Phineas and Ferb: Star Wars
What parents need to know
Parents Need to Know
Parents need to know that Phineas and Ferb: Star Wars is a hilarious overlay of modern cartoon heroes in a classic story of good and evil. Violence is the only real concern here, since there's a lot of fighting with blasters and heavier firepower between the ships themselves. There's no blood or obvious death, but you'll see bodies on the ground and, in one case, a body being removed by stretcher. A Jedi battle with light sabers puts a favorite character in peril, and another dabbles in evil for part of the story. Darth Vader uses telekinesis to choke people who anger him. Expect some marginal language such as "shut up" and name-calling such as "idiot" but also a likable plot thread that hints at the value of showing kindness and compassion to everyone. This masterfully written movie is a fun pick for kids and adults alike.
What's the story?
Adjacent to Luke Skywalker's (voiced by Christopher Corey Smith) family farm on Tatooine is the home of his lesser-known neighbors, Phineas (Vincent Martella) and Ferb (Thomas Brodie-Sangster), who while away their summer hours cruising around the arid planet in their tricked-out speeder. But when a chance encounter with R2-D2 leaves them holding the plans to the Death Star, they hire a feisty pilot named Isabella (Alyson Stoner) to help them embark on an intergalactic adventure to deliver the information to the Rebel Alliance. Unbeknownst to them, their movements are being tracked by a trio of entry-level Storm Troopers led by Candace (Ashley Tisdale), who hopes capturing the Rebel sympathizers will be the career boost she needs to move up the chain of command. Meanwhile secret agent Perry (Dee Bradley Baker) keeps tabs on a low-level villain named Darthenshmirtz (Dan Povenmire), who is champing at the bit to try out his latest invention, the "Sith-inator," which he's sure will transform him into a Sith powerful enough to rival his idol, Darth Vader (Eddie Pittman).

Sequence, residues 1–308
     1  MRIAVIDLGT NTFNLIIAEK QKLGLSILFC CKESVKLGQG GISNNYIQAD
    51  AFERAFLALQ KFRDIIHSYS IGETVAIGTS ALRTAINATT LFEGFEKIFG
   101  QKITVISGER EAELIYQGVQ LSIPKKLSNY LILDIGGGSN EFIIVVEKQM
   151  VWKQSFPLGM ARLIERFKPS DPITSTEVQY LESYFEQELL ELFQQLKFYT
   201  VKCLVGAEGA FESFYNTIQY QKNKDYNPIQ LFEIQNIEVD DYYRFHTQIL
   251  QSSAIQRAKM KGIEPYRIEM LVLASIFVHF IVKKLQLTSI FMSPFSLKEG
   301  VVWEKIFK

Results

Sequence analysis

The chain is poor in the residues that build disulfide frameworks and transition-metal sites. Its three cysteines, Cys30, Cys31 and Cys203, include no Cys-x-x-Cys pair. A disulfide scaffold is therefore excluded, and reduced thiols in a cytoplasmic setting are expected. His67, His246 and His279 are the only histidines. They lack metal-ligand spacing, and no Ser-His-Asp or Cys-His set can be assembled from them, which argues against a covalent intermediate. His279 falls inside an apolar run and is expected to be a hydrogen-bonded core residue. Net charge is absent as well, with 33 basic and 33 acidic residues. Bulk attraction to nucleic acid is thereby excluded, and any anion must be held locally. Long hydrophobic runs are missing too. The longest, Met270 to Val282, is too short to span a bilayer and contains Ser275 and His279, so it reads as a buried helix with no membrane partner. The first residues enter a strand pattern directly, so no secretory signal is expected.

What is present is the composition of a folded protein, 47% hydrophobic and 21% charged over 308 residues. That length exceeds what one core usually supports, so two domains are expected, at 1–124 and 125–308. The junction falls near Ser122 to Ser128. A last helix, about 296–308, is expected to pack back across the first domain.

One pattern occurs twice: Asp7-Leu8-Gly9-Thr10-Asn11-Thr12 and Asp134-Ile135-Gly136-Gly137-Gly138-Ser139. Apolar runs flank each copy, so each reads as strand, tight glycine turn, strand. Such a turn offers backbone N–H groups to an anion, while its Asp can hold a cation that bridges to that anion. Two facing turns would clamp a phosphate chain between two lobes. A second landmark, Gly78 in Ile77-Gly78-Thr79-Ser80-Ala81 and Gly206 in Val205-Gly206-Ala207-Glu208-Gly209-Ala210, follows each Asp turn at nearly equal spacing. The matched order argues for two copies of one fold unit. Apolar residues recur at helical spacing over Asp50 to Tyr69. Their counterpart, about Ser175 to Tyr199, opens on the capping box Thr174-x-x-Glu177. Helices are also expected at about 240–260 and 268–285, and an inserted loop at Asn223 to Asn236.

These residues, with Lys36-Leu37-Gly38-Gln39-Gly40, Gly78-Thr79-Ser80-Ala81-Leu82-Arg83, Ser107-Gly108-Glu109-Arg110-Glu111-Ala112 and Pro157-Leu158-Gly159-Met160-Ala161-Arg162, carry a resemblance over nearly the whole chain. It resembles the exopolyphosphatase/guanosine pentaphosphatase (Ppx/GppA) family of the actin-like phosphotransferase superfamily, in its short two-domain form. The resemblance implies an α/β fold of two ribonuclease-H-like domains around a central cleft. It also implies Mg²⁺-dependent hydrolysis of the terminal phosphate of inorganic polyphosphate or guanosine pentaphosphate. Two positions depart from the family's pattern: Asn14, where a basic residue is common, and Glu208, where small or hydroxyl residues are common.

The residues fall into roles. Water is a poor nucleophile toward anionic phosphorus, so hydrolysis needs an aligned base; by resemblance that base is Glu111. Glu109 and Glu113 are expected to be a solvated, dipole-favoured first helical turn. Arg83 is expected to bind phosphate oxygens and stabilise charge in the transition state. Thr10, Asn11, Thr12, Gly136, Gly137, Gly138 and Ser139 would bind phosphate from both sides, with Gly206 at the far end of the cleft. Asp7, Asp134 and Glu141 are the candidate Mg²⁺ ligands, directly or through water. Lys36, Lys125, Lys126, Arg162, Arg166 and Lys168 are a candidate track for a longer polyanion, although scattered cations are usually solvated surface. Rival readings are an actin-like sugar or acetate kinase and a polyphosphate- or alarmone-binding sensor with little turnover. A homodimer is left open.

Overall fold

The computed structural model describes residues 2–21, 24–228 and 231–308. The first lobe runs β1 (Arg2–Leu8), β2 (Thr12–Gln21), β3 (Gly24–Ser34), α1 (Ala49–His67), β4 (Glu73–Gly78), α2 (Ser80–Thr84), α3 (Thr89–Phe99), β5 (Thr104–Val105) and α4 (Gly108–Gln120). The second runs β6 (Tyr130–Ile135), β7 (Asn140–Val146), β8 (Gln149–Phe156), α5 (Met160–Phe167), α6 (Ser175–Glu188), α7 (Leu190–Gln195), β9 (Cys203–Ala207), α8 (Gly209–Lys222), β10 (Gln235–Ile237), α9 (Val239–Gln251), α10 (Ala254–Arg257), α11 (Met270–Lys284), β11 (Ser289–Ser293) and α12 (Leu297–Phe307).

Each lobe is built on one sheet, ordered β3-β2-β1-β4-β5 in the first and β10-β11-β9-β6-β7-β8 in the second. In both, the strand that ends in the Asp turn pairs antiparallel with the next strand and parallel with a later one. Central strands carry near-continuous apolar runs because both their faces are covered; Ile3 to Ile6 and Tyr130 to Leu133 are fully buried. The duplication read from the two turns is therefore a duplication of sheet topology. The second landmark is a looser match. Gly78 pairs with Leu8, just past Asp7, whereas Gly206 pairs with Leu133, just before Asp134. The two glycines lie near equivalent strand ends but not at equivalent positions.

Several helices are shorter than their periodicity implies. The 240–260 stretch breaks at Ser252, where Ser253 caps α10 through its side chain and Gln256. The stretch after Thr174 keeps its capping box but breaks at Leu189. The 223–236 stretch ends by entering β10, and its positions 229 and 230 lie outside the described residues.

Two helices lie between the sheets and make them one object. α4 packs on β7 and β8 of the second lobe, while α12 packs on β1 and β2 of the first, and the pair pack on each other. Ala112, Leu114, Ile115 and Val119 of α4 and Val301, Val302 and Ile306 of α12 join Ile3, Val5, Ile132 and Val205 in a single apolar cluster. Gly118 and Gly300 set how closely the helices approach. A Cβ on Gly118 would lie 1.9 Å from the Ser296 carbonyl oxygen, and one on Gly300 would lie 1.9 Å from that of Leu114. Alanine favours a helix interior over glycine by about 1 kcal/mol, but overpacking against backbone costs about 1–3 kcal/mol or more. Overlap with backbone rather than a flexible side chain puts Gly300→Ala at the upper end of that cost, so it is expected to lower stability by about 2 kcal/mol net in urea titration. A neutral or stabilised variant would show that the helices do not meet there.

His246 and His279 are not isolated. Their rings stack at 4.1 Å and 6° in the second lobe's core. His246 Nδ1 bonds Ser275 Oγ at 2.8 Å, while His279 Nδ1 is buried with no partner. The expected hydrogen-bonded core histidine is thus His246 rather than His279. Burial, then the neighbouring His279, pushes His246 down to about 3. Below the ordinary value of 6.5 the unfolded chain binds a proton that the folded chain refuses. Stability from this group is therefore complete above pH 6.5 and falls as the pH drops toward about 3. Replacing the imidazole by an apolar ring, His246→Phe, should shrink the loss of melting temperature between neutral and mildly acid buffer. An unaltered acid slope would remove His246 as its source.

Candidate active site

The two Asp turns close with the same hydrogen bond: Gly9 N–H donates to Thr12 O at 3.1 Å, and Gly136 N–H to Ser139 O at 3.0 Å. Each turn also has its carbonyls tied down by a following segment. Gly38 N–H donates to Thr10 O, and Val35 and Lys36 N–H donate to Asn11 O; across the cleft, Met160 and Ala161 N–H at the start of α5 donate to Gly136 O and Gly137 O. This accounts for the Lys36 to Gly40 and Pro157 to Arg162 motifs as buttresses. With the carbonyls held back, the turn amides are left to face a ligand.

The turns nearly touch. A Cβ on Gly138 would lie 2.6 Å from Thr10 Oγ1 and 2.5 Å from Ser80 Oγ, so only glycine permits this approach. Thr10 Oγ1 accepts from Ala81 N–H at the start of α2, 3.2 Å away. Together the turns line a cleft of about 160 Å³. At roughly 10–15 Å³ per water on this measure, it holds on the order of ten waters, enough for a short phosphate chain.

Is it any good?
PHINEAS AND FERB: STAR WARS is a laugh-out-loud reimagining of the Star Wars saga. It shifts the focus away from Luke, Leia (April Winchell), and Han Solo (Ross Marquand) and onto the comic duo of neighboring Phineas and Ferb. Many of the classic scenes are there -- from the fateful meeting in the Mos Eisley cantina to their narrow escape from the garbage-compactor monster -- but each is retold from the viewpoint of Phineas and Ferb, who are said to have been just off-screen in the original movie. In some cases, the two sets of characters share a scene (Perry is on hand while Leia loads R2-D2 with the stolen Death Star plans, for instance), but most often those Star Wars events play out in the background while the infamous stepbrothers put on a show like only they can do. What with a comically inept Darth wannabe, a bitter rivalry brewing between Isabella and Han Solo, and Candace's unequivocal embrace of the Storm Troopers' conformist code, plus breakout songs at every turn, there's no end to the fun in this movie.
That said, this story caters to viewers with at least a working knowledge of the Star Wars story and its characters, and those who come to it without that background won't find it nearly as fun. The rapid-fire jokes and jabs are so well incorporated you may have to back up a few times to catch every one, particularly when they're in musical form. Having some familiarity with the Phineas and Ferb cast also gives you better appreciation for how the characters they play in this story relate to their real-life personas, which accounts for Candace's love of all things Storm Trooper and Phineas and Ferb's satisfaction with life on Tatooine. The bottom line? If you're looking for something you will enjoy as much as (or perhaps even more than) your kids will, then this intergalactic adventure is for you.
Families can talk about...
Families can talk about the definition of good and evil. Is it always easy to understand a person's motivations? Can this definition be different for different people? Can you think of an instance in which your impression of a situation was vastly different from someone else's view of it?
Kids: Were you familiar with the Phineas and Ferb characters before this movie? Were the characters good fits for the roles they played here? Why do you think the Star Wars story is such a popular one for revamps like this one?
What determines a story's success with viewers? Did this one appeal to you? Does quality entertainment always have to teach or impart valuable lessons to be worthwhile?